Welcome to #OurStreets
The Street Trust newsletter has a new home and ambitious plans at Substack. #OurStreets will deliver community-focused, inclusive, fresh content, including guest authors and interviews.
Welcome to #OurStreets, a biweekly digest from The Street Trust. If you took the time to read our Year in Review Letter, you might have seen this coming. But we’re excited to announce again our new Substack publication and reader community.
Now, you can get The Street Trust to your inbox, the Substack app reader, and on the web—all with one subscription. If you're receiving this email, you are already a free subscriber. You will continue to get #OurStreets delivered — for free — in your inbox every other week.
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Sometimes, we'll post a paragraph or two regarding an issue or event that occurs outside of our regular schedule. If you don’t want to miss these updates, we encourage you to create a Substack account. This will also give you the ability to engage with other subscribers in the comments and Chat.
We’re sending this inaugural issue of #OurStreets to a group of close contacts and TST members. We’d appreciate any feedback to email@example.com before we scale up our list. If you know someone who you think should be on the list, click “share” to let them know.
Word on the Street
A digest of top transportation stories and industry word soup.
While often used interchangeably with tolling, the semantics of congestion pricing are important. Congestion pricing is intended to manage demand, charging higher prices during rush hours, or when road usage is high, to encourage commuting choices that reduce traffic and emissions.
According to the Federal Highway Administration:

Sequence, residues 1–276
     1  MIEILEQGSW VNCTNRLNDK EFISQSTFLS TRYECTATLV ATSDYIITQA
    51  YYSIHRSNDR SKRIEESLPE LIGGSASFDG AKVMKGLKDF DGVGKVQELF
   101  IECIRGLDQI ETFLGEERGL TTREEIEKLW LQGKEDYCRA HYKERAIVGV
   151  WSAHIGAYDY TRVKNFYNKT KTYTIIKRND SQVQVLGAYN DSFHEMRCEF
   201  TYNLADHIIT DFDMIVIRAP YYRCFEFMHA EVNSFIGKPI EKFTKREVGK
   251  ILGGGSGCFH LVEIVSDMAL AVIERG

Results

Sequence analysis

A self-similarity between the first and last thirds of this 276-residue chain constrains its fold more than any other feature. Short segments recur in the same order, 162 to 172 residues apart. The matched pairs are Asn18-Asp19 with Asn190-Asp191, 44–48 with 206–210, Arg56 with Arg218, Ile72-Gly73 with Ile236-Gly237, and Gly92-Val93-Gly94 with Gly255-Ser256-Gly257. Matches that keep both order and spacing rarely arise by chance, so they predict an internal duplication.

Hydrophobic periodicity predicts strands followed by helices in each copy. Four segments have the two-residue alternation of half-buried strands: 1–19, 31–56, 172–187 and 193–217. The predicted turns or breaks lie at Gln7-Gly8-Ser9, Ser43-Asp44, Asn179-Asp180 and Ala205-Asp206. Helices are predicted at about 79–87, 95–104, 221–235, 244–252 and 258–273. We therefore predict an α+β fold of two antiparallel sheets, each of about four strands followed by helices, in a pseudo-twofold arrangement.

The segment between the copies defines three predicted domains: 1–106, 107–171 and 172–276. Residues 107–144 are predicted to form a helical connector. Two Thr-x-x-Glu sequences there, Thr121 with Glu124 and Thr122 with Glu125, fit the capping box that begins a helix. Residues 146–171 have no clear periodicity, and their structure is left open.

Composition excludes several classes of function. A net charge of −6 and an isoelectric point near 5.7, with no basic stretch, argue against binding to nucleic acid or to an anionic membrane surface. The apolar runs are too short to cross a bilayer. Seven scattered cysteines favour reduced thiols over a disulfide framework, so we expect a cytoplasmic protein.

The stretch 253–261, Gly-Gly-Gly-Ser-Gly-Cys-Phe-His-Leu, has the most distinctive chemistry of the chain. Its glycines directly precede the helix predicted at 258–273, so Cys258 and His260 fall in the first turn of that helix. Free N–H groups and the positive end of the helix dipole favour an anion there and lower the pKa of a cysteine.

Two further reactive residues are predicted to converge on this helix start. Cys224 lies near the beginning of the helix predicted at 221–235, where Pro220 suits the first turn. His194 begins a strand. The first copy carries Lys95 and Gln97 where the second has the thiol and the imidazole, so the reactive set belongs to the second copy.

“There is a consensus among economists that congestion pricing represents the single most viable and sustainable approach to reducing traffic congestion.”
A current proposal by ODOT is garnering criticism from many community and environmental groups who say it is NOT designed to produce these outcomes. Some raise equity concerns about raising prices without adequate safe and affordable alternatives. Others are concerned that ODOT’s planned spending to build new freeway capacity (I-5 Rose Quarter, I-5 Bridge) will effectively cancel out any alleged climate benefits of the project. Here’s what we had to say. [WW] [OPB]
The first phase of public comment for this closed last week, but there will be plenty more opportunities to weigh in and get involved.
Sign up now so you never miss an update or call to action regarding equitable mobility pricing.
I-5 at The Rose Quarter
Maybe you missed our letter to ODOT in 2019, asking them to conduct a full environmental impact analysis to determine the impacts and come up with solutions for people walking, rolling, and riding transit through the Rose Quarter (How did it get that name?). We hate to say, “told ya so” but they probably should have heeded the advice of ours and allied organizations seeking solutions to congestion through this area.
This week, as reported by WW, the Trailblazers came out against the current plan.
“Unfortunately, ODOT is rushing through a [design] that transfers a safety and traffic problem from I-5 to the Rose Quarter,” the organization wrote in its public comments.
“The proposed design does not improve on transportation safety over existing conditions and, in fact, creates more potential for conflict and risk between all modes. The increases in conflicts and risk raises the potential for injuries and deaths.”
We agree. Here’s what we submitted last week regarding the Rose Quarter project … and it includes the full text of our letter from 2019.
December 2022 saw a media blitz of stories on Portland’s pedestrian death rate, as it kept pace to break a 70-year record. It felt important to bring attention to the epidemic of traffic violence, even as brief as it was part of the “Year in Review” news cycle.
Looking back on the coverage, what stands out are the multiple, sometimes contradicting narratives from public officials about what is driving the increase–often citing external factors that feel out of their control. Attitudes towards pedestrians, cyclists and other road users, increasing population and homelessness, pedestrian distraction and disregard for road rules, speeding, and the list goes on…
Yet, there’s one factor that experts agree on, and the data supports: unsafe and incomplete streets, particularly “high-crash corridors.” This week, PBOT laid the groundwork for addressing this cause in 2023, stating they plan to “add more speed reductions in problem areas and [fight] for authority for the city to control speed limits.”[KOIN][WW][Oregonian]